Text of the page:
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2006 AD: Antigua, Guatemala

Establishing an administrative capital for the Spanish colonial powers in Central America might at first not seem as a particularly challenging undertaking for the imperial rule. The Maya town of Iximché was occupied by the conquistadores in 1524 but the Capitán General and his entourage were forced to move only three years later due to relentless attacks by the Kaqchikel Maya. Sitting in the Almolonga valley, the new capital Ciudad Vieja was strategically and geographically a better choice, but a geological misfortune: the entire town was engulfed by a gigantic landslide just 14 years later.

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A new site, only a few kilometres away, was again nothing short of a geological disaster. Known at the time as "La Muy Noble y Muy Leal Ciudad de Santiago de los Caballeros de Goathemala" it was to be rocked by more earthquakes than there are letters in its name. Many buildings were destroyed more than once, often only just after having been restored. Despite this adversity it slowly and steadily grew into an impressive town worthy as the capital of an overseas empire where splendour and riches were only matched by the grand backdrop of immense volcanic peaks.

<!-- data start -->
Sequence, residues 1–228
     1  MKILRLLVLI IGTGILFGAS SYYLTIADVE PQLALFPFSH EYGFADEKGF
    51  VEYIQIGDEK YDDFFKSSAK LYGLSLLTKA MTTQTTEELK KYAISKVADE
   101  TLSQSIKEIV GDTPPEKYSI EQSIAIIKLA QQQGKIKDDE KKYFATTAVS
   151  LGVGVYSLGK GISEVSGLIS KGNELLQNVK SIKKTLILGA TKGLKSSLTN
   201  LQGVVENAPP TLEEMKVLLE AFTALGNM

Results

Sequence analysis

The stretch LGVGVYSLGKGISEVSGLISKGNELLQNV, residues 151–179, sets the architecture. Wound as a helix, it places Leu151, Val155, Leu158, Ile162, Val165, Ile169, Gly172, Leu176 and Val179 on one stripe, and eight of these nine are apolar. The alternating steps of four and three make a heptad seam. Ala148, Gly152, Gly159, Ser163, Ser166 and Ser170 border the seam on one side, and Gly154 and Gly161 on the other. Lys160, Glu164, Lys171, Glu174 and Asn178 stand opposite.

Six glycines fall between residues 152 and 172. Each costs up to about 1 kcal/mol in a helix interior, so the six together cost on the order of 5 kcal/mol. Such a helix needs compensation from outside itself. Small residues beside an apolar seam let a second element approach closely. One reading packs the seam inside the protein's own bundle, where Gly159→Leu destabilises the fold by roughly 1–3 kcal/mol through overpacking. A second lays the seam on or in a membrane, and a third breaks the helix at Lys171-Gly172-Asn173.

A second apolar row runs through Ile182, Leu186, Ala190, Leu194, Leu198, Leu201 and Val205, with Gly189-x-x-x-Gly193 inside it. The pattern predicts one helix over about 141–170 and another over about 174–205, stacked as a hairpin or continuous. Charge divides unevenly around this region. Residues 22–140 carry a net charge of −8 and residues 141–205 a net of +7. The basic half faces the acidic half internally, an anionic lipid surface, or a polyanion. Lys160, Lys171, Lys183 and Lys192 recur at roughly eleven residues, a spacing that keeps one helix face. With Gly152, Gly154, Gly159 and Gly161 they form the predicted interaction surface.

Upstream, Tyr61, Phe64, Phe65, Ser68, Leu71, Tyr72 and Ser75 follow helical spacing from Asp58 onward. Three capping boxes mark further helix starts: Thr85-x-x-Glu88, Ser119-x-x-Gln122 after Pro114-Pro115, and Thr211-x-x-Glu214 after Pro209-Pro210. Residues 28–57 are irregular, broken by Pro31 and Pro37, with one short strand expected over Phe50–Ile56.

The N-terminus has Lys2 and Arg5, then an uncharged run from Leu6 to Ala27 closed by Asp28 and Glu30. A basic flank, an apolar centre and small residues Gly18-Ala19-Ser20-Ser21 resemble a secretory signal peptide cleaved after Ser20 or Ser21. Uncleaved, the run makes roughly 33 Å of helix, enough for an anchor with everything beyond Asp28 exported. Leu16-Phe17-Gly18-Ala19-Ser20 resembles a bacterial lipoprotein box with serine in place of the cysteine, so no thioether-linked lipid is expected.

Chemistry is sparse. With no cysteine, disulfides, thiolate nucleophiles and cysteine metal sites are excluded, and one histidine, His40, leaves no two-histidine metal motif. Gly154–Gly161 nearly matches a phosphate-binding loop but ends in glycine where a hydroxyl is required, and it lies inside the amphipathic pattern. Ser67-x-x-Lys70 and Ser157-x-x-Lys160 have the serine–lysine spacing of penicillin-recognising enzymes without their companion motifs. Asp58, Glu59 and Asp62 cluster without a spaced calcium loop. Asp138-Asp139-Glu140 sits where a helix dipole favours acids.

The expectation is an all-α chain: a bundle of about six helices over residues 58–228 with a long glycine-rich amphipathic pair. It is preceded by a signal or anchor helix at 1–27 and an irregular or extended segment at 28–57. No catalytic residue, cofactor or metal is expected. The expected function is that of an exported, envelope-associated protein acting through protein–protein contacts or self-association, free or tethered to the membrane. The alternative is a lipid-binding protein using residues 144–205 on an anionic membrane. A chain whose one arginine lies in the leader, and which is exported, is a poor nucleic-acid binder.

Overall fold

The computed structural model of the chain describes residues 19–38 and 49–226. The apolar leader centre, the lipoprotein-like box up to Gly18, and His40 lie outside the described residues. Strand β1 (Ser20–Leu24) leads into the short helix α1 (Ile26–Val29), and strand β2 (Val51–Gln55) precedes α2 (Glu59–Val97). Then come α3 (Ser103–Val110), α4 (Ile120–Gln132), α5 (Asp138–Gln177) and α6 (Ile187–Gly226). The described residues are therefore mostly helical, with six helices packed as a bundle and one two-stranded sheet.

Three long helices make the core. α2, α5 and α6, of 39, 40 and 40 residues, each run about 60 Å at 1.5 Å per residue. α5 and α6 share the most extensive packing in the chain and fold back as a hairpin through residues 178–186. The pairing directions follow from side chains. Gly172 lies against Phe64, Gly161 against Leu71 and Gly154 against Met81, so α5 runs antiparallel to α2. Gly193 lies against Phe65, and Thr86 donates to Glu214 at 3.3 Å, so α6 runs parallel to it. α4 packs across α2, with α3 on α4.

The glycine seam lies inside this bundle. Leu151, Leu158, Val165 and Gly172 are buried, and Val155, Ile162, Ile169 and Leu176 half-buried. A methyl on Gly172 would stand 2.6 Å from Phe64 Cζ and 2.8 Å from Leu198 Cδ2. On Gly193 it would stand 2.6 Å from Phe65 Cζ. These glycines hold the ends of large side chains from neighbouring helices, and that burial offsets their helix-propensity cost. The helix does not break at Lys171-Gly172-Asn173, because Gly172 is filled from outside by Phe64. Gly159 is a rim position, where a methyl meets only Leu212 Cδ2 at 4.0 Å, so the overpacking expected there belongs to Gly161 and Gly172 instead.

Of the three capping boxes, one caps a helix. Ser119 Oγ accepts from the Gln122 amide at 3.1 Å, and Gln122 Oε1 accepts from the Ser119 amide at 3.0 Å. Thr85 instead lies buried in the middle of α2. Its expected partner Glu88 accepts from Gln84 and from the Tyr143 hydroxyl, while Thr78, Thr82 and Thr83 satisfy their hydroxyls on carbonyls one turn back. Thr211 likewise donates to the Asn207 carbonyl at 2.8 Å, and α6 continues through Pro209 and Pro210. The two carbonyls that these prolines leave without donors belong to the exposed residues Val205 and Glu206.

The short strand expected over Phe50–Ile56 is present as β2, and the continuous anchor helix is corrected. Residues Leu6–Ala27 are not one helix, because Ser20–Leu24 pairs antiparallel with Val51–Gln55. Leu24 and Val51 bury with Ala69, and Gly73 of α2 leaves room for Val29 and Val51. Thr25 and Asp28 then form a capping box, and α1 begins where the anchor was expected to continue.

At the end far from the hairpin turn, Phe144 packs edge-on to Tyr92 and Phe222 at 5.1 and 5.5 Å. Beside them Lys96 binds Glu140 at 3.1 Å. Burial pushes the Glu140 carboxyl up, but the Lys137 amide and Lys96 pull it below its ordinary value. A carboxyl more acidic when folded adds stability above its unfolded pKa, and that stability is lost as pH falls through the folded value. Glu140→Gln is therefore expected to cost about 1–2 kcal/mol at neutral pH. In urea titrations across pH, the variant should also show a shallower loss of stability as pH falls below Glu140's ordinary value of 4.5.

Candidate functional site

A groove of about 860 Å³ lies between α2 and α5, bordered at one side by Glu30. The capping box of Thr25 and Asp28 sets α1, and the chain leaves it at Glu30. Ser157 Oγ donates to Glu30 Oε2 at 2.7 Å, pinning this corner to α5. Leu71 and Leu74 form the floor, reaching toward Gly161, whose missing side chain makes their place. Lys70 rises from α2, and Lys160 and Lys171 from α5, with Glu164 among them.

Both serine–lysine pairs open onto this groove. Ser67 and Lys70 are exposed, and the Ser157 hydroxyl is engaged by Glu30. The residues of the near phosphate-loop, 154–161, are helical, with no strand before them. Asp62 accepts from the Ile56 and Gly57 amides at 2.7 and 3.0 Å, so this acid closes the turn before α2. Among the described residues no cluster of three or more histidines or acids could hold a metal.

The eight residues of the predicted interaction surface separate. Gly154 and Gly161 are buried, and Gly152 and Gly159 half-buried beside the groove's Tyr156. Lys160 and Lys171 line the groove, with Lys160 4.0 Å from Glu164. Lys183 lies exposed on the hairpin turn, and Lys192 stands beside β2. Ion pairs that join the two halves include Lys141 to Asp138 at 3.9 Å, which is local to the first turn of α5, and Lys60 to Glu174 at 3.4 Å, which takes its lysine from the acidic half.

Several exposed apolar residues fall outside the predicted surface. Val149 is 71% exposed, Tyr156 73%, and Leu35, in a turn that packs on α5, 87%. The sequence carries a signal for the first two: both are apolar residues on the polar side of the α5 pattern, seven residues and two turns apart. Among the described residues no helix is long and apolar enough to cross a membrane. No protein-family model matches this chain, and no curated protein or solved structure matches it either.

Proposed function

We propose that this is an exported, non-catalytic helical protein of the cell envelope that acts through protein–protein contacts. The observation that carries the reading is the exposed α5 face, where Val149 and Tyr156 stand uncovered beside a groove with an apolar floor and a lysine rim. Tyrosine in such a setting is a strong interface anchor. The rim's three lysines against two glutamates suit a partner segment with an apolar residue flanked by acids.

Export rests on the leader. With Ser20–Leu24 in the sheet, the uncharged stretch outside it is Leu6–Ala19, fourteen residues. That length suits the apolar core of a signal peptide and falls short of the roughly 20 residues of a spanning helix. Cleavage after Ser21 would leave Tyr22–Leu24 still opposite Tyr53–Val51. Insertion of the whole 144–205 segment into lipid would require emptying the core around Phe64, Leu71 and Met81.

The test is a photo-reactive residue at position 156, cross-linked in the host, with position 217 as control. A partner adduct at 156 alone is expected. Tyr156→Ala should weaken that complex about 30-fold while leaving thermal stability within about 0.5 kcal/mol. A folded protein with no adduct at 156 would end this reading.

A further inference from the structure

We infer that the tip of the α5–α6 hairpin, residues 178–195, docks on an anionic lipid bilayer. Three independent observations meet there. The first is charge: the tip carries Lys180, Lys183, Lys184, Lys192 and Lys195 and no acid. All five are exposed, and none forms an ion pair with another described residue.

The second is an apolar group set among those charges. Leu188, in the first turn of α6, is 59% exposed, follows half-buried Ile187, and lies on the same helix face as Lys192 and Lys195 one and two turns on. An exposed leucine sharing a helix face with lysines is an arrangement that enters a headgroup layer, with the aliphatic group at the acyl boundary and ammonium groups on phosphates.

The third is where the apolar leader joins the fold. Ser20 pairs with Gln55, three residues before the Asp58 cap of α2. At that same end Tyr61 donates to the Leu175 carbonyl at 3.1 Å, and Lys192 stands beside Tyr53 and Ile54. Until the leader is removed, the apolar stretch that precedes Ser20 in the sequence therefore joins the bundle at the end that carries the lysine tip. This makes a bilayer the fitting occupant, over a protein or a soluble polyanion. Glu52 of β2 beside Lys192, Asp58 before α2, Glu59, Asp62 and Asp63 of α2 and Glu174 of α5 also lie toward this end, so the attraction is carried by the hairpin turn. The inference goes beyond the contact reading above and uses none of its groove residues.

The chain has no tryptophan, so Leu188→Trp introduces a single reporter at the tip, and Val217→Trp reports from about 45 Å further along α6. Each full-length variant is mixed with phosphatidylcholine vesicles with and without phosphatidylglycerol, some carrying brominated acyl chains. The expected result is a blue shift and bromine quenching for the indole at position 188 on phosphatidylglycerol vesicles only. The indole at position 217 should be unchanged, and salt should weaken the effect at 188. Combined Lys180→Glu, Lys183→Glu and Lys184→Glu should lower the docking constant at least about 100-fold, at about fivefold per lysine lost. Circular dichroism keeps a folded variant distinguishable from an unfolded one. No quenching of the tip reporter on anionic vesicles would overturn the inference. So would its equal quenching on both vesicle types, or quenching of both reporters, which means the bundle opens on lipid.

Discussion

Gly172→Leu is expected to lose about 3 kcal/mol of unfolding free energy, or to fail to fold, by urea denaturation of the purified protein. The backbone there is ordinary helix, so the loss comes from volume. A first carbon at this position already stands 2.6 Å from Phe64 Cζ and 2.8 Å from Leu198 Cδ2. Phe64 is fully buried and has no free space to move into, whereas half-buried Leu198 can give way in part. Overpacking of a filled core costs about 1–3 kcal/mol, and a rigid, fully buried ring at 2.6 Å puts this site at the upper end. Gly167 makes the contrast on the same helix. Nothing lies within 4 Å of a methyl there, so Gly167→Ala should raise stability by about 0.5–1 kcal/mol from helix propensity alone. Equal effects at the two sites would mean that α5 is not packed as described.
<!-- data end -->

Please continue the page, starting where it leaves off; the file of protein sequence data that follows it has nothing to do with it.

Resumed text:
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It was not to last: two tremendous earthquakes brought down much of the town in 1773. The damage was so severe that a new capital was built further afield: Guatemala City. The old capital, aptly renamed Antigua, was never fully abandoned however. Now a quiet and sophisticated town its cosmopolitan atmosphere belies the land it once controlled and numerous unrestored structures, collapsed masonry and broken arches serve as a poignant reminder of its scarred colonial and political past.

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Published on 23.12.2006 by Sjaak van der Sar   –   Leave critique or other comments